Tuesday afternoon, President Trump hosted lawmakers at the White House to discuss the impending immigration deal between Republicans and Democrats. In a move that many who have worked in politics for decades described as “extraordinary,” the President let the press record the back and forth between leaders of both parties. However, during the unprecedented open door negotiation, the President hinted at a return of a corruptive closed door process – earmarks.
Earmarks are provisions inserted into spending bills by Congress that allocate funds to a specific project or group, sidestepping any competition or merit-based approval process. Ironically, the President is pushing for merit-based immigration. The earmarking practice essentially looks something like this:
Senator A: I know you don’t like my bill, but vote for it and I will fund that park in your town.
Senator B: Deal.
Although this scenario is somewhat simplified, Members of Congress used earmarks before the 2010 ban to bribe one another for votes. Two of the most famous earmarks are the Louisiana Purchase and the Cornhusker Kickback, which convinced two Senators to vote Obamacare across the finish line.
Many lawmakers who criticize the earmark moratorium, blame it for the gridlock in Washington. A common argument is that earmarks “grease the wheels” in Congress, and that you cannot get members to vote for legislation they do not agree with unless they get something in return. Taxpayers and morally straight lawmakers will tell you that the power to convene and negotiate in an open setting, like the one we saw on Tuesday, is a much better way to make things work for the American people. Thinking that backroom deals is better for our democracy is dangerous, and only benefits career politicians, lobbyists, and special interests – while taxpayers pick up the tab.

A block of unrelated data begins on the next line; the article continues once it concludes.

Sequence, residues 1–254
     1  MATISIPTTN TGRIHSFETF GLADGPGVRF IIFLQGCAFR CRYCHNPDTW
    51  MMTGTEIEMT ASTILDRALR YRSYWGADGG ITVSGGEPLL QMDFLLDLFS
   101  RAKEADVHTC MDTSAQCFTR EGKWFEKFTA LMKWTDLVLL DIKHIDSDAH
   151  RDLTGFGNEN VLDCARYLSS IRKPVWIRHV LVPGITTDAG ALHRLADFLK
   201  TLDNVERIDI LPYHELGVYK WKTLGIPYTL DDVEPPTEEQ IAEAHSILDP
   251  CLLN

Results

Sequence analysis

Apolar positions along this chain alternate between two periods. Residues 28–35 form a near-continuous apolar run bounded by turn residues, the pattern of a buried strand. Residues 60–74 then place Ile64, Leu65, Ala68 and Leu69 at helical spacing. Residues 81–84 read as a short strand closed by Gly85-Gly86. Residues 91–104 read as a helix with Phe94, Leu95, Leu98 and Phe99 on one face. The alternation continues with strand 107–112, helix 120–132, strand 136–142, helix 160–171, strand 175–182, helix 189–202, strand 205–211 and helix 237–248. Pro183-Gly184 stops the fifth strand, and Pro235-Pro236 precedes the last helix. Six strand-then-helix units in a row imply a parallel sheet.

In the decades before earmarks were banned, over 110,000 earmarks cost taxpayers over $329.8 billion. That’s no minuscule amount, and many earmarks went to projects like the Teapot Museum. The American people were outraged when transparency crusaders began uncovering the decades of back scratching in Congress and demanded an end to the wasteful practice. This rhetoric from the President should shock the American public who already fought and won this battle over pork barrel spending. Instead, Congress needs to be addressing the $100 trillion in unfunded liabilities that will be added to a national debt that is already over $20 trillion.
By suggesting Congress bring back earmarks is a direct contradiction to draining the swamp, a commitment President Trump vehemently promised on the campaign trail. The transparency of Tuesday’s immigration meeting was refreshing but the thought of renewing backroom dealmaking is not.